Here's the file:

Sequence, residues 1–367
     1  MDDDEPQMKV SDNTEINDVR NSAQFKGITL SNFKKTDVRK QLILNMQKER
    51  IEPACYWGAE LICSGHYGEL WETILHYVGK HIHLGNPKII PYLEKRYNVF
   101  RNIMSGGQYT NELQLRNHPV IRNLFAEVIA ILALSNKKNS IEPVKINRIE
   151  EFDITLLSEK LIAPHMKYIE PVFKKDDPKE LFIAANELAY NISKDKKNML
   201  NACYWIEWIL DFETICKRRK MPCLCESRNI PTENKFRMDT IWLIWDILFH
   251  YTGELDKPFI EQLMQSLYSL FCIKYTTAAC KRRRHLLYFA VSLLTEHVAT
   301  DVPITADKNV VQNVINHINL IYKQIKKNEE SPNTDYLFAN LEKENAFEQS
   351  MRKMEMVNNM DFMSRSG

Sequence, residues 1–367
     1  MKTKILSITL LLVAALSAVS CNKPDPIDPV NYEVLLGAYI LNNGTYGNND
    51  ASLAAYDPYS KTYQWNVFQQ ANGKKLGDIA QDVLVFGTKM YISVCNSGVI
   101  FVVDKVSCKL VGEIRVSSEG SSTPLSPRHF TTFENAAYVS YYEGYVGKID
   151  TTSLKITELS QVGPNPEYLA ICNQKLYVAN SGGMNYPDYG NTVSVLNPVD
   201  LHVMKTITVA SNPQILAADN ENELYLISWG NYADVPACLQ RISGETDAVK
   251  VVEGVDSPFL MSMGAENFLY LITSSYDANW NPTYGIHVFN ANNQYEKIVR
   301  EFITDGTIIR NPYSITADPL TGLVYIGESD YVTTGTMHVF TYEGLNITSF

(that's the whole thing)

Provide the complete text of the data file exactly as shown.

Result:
Sequence, residues 1–367
     1  MDDDEPQMKV SDNTEINDVR NSAQFKGITL SNFKKTDVRK QLILNMQKER
    51  IEPACYWGAE LICSGHYGEL WETILHYVGK HIHLGNPKII PYLEKRYNVF
   101  RNIMSGGQYT NELQLRNHPV IRNLFAEVIA ILALSNKKNS IEPVKINRIE
   151  EFDITLLSEK LIAPHMKYIE PVFKKDDPKE LFIAANELAY NISKDKKNML
   201  NACYWIEWIL DFETICKRRK MPCLCESRNI PTENKFRMDT IWLIWDILFH
   251  YTGELDKPFI EQLMQSLYSL FCIKYTTAAC KRRRHLLYFA VSLLTEHVAT
   301  DVPITADKNV VQNVINHINL IYKQIKKNEE SPNTDYLFAN LEKENAFEQS
   351  MRKMEMVNNM DFMSRSG

Sequence, residues 1–367
     1  MKTKILSITL LLVAALSAVS CNKPDPIDPV NYEVLLGAYI LNNGTYGNND
    51  ASLAAYDPYS KTYQWNVFQQ ANGKKLGDIA QDVLVFGTKM YISVCNSGVI
   101  FVVDKVSCKL VGEIRVSSEG SSTPLSPRHF TTFENAAYVS YYEGYVGKID
   151  TTSLKITELS QVGPNPEYLA ICNQKLYVAN SGGMNYPDYG NTVSVLNPVD
   201  LHVMKTITVA SNPQILAADN ENELYLISWG NYADVPACLQ RISGETDAVK
   251  VVEGVDSPFL MSMGAENFLY LITSSYDANW NPTYGIHVFN ANNQYEKIVR
   301  EFITDGTIIR NPYSITADPL TGLVYIGESD YVTTGTMHVF TYEGLNITSF